But regardless of what might later transpire in this litigation, public confidence in the judiciary as an institution has been disserved by how the Supreme Court and lower courts have handled this lawsuit to date. The bottom line for many will be this: partisan political actors maneuvered to steer a legally dubious lawsuit—one that seeks to invalidate initiatives that were lawfully instituted by a democratically legitimate president, and that deeply affect millions of people—before a rogue judge with a checkered history of gratuitous, anti-immigration commentaries, and successfully obtained a partisan result from that judge even though the factual and legal bases for their claims were highly questionable. Four justices of the Supreme Court not only endorsed and gave effect to that politicized judicial assault, but also evidently have embraced modes of contention more appropriately relegated to the political process, if even there. And they did so without giving any reasoned explanation for that endorsement. In the process, the traditional norms of judicial fact-finding and reasoned adjudication have taken a significant hit. It is difficult to disagree with Dellinger’s conclusion that the result constitutes a “signal failure of democracy.”

Former Solicitor General Walter Dellinger, Slate, “The battle is not over.”:

This battle is not over. The Department of Justice should consider taking a step it has rarely taken: filing a motion asking the court to reconsider the decision and further asking the court to defer acting on the petition until there is a full complement of justices. I believe that at least twice during the New Deal, the Franklin Roosevelt administration successfully asked for a rehearing of cases that had been heard by an equally divided court.

For now, however, today’s decision casts the counter-majoritarian role of the court in a particularly harsh light. Immigration reform more sweeping than that undertaken by the president was supported by more than 70 senators and would have been supported by the House of Representatives, as well as the president. So why is it not law? Because the House Republican leadership refused to allow legislation supported by a majority of the House to come to a vote.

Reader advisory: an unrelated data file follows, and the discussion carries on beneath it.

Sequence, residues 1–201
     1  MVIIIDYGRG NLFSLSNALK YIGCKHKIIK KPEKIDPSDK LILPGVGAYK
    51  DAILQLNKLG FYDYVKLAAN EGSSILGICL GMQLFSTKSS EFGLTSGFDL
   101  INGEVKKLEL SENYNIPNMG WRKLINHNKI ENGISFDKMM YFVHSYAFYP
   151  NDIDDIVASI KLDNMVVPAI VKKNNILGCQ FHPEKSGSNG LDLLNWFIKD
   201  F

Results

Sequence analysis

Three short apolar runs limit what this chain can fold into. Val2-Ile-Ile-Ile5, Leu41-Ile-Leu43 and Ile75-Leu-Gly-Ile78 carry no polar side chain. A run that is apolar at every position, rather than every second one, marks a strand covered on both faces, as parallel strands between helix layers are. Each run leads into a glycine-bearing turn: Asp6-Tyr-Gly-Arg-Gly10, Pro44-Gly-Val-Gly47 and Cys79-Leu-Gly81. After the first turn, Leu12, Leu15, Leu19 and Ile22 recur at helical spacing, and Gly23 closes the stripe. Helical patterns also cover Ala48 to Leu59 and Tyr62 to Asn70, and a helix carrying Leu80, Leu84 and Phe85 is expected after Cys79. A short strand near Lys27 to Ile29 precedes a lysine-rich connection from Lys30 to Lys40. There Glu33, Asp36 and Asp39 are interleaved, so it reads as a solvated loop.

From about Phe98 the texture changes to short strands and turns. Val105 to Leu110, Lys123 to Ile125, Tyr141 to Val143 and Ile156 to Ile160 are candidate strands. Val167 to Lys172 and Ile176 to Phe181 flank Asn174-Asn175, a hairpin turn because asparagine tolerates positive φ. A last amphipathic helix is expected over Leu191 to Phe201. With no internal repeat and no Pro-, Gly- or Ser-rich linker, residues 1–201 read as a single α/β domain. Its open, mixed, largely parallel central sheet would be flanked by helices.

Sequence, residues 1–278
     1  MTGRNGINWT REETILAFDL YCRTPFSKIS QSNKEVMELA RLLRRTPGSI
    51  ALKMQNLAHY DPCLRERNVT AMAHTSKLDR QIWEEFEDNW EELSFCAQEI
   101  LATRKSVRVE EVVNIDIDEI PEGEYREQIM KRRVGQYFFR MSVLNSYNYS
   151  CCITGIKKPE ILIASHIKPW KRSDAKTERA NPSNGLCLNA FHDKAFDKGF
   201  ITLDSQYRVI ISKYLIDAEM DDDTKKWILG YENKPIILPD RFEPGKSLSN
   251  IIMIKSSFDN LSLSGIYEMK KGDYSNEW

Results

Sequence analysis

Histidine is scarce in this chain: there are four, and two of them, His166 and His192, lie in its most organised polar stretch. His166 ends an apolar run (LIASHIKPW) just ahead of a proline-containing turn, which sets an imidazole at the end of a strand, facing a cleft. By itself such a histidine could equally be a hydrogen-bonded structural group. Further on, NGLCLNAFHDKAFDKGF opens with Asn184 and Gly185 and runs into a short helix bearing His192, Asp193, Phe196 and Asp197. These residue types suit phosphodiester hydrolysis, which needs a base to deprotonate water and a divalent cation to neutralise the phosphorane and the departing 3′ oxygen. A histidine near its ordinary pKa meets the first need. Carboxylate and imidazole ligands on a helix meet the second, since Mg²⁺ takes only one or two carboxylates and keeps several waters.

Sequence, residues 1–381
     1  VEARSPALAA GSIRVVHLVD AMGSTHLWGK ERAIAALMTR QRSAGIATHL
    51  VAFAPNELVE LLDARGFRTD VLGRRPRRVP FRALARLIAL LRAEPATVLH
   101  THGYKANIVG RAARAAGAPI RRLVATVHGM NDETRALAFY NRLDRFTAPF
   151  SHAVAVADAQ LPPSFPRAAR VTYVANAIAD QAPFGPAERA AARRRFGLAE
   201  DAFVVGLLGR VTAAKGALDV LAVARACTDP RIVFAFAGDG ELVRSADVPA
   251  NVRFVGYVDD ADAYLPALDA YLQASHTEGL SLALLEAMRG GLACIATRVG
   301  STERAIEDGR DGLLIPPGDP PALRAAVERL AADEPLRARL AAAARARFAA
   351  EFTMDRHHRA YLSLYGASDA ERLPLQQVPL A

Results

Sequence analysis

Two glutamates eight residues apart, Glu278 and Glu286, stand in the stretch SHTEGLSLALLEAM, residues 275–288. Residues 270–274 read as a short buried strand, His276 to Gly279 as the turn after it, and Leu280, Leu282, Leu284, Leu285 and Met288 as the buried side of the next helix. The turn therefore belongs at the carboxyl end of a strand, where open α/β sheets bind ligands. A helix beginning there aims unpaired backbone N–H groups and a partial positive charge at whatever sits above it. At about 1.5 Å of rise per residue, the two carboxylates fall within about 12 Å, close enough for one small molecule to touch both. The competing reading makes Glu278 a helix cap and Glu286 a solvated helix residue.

And now a more legally modest, but enormously important, action taken by a president twice elected by clear voting majorities has been set aside by a small group of unelected judges. I recapitulate: This was a case brought before a judge singled out by the challengers because there was no doubt as to his hostility toward current immigration policies. His overreaching nationwide injunction was upheld by two 2–1 panels (with the four judges who sat on the two cases combined splitting 2–2). And now four justices who disagree with four other justices have brought the president’s program down. And because the court lacks a ninth justice, and is evenly divided, we don’t even have the benefit of an opinion explaining this extraordinary result. This decision, or non-decision, represents a signal failure of democracy.

David Leopold, Former President of the American Immigration Lawyers Association, “On DAPA and DACA+, It’s Not Over”:

The 4–4 split among the 8 justices in U.S. v Texas means, legally, that the Court did not make a decision. Anyone who imputes some constitutional principle from it, like Texas Attorney General Ken Paxton, Speaker Paul Ryan and many of their fellow Republicans, either doesn’t understand the Constitution and the Courts or is just willfully misleading everyone — or both.

… The Obama administration does not have to simply accept the Supreme Court’s failure to rule. It can — indeed should — immediately file a motion for reargument before the Court to take place once a ninth justice is confirmed by the U.S. Senate. Granted, given the continued obstruction by Senate Republicans, a new Justice may not be seated for several months and possibly not until the next President is sworn in.

…In Chief Justice Roberts’ mind, he’s a stickler for standing in the federal courts. But, today, he showed his politics trump his principles. Today he made it clear that political questions are justiciable, if they are brought by his political allies.

Marshall Fitz, Managing Director of Immigration at Emerson Collective, “The Future of America Deserves Better than Partisan Gridlock and Judicial Paralysis”:

Today’s one-line order from the Court amounts to a non-decision. It sets no precedent and reflects no judgment by the Court on the merits of the case or the underlying policies. But the impact of the Court’s paltry statement is far from neutral — it is an insult to justice. By preserving the status quo of the lower court rulings, it inflicts active harm on individuals, families, and communities across the country.

… Sadly, this failure by the Supreme Court to break the gridlock and enable the country to move forward is the culmination of a deliberate and concerted Republican strategy of immigration obstruction.

…The fact remains that DAPA and expanded DACA are commonsense programs that are lawful, constitutional, and consistent with decades of actions taken by presidents of both parties. Tragically, their implementation and the clear benefits that would flow from them have been subjected to withering partisan obstruction.